One of Yogi Berra’s finest quotes. But the truth is that a crowd can signal a good time. If a whole lot of people showed up, there must be a good reason!
Of course you’ve probably also found yourself at a packed event where you don’t seem to know anyone. In that case, context suddenly matters much more: Is this a room of people you want to spend time getting to know? Are you feeling like engaging with these folks? Are you with a trusted colleague who can broker some valuable introductions? Are you being hit up by people who are just interested in your contact info so they can try to sell you something? Is there a creepy person eavesdropping over your shoulder?
Whether networking at an industry event or building your data strategy in digital advertising, relationships and context are everything. Earlier this week, I read about The Guardian’s investigation into their programmatic strategy. Like many, they’ve discovered that the promise of programmatic has been body snatched, transformed into a black box to be used for direct response advertising and retargeting, which their analysis shows can vacuum up close to 70% of the ad revenues and the marketers’ working media.
And they’re not the only ones being manipulated: Brand marketers have also been duped by the promise of automation. In reality, the system suffers from a lack of direct seller relationships that promote trust and encourages agencies to protect their investment and maximize the value they receive in their advertising spend.
The Guardian analysis ends with this from their CRO, Hamish Nicklin (who, it should be noted, was a senior executive at Google for more than eight years.):
“The idea that the only thing that matters is the audience is nonsense,” Nicklin said. “Quality of creative and quality of environment matter massively to advertisers.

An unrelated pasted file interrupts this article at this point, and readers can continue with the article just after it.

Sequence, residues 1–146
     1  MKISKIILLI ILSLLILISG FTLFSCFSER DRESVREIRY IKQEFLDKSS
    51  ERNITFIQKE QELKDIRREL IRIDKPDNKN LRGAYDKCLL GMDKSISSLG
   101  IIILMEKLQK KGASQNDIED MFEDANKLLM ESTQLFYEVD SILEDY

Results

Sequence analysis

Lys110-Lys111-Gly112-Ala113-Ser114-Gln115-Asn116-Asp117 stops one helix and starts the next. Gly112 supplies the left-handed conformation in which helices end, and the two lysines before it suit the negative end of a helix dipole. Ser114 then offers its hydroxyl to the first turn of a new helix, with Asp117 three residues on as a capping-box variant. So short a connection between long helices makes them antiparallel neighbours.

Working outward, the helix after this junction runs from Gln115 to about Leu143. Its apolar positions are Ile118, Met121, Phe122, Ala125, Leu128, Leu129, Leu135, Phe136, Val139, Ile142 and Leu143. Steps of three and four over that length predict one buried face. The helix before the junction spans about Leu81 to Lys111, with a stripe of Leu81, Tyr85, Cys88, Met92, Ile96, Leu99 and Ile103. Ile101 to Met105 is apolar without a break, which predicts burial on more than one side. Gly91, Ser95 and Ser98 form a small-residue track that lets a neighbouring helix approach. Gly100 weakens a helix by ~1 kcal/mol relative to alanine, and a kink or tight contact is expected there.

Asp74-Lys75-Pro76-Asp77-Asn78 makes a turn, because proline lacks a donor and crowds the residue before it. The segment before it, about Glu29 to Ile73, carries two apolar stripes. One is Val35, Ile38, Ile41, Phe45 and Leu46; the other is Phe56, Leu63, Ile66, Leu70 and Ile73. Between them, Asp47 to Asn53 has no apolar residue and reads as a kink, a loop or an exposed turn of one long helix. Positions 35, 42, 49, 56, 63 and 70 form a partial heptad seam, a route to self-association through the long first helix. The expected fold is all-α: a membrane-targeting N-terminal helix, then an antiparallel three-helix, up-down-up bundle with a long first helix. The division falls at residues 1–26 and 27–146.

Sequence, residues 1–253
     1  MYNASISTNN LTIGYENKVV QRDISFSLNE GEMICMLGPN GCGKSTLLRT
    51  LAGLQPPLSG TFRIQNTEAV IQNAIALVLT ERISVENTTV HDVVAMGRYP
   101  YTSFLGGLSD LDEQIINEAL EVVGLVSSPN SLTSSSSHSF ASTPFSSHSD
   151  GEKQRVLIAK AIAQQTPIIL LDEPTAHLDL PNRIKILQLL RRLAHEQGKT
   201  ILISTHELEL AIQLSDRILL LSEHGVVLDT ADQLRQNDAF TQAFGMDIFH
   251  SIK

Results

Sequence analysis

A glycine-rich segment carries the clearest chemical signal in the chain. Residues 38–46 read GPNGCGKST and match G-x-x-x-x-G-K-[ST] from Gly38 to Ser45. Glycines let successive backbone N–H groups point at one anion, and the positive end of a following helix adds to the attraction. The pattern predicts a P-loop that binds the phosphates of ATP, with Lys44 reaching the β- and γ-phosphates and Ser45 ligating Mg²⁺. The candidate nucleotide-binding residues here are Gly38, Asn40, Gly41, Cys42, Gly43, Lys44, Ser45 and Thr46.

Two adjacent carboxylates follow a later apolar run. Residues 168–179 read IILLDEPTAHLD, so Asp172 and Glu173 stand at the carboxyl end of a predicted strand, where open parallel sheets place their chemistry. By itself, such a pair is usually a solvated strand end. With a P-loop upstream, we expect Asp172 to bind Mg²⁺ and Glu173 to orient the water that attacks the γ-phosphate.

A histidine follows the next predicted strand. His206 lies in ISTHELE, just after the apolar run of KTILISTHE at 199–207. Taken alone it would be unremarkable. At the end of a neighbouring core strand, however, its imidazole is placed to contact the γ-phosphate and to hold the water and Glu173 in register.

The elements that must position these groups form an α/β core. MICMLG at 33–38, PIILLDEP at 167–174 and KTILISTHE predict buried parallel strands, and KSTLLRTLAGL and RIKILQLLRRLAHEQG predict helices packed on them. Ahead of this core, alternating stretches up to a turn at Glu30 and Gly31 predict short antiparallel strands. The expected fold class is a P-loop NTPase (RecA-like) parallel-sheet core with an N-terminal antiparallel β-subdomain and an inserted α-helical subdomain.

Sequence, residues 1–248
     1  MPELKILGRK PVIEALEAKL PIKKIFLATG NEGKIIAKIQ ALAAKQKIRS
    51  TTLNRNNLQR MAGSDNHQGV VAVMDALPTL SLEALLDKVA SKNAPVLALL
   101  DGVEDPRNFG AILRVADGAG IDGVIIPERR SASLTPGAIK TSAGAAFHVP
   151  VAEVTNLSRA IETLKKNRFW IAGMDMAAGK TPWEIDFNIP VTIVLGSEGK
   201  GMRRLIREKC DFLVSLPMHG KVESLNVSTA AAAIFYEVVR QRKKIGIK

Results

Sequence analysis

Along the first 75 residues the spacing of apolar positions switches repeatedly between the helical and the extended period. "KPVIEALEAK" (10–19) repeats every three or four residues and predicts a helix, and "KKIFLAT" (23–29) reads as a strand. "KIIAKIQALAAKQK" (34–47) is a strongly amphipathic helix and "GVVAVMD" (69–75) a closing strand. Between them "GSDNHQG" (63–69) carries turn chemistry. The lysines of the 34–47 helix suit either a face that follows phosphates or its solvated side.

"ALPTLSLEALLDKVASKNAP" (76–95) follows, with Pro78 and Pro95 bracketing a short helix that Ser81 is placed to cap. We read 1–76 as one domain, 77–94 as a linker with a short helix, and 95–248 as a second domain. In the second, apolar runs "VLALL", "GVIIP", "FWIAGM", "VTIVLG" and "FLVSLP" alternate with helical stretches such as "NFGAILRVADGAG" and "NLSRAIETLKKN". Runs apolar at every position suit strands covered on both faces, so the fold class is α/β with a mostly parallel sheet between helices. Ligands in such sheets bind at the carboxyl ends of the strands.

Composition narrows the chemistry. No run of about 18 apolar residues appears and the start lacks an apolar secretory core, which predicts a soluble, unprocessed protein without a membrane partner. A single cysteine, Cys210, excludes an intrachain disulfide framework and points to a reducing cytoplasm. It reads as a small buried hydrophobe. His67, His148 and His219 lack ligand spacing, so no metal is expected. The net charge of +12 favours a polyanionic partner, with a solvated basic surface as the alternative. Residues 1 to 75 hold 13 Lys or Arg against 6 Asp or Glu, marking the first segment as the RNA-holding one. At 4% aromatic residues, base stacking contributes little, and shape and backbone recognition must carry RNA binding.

“The problem we’re seeing is that technology doesn’t value everything in the same way…building your brand and deep relationships with consumers, these things matter; but if we look at how we buy media in order to achieve that goal, purely through the lens of an audience-based, direct response mechanic, we don’t achieve any value. We totally lose context.”
This thought also applies to data usage where, as I’ve written, Google and Facebook leverage their unique dominance and scale to seize 90% of the incremental revenue growth in our industry. In early 2014, I wrote a controversial op-ed on Digiday, “Publishers are getting screwed in the data-tracking era.” I wrote the argument before my hire at DCN but I revisit it here because I now believe that marketers are also getting the short end of the stick—not just publishers—with today’s data-tracking. Industry leaders must step up to set appropriate guardrails before rules are set by burdensome or inflexible regulatory bodies (see recent FCC privacy rules or the GDPR changes which will hit both sides of the Atlantic in the next two years).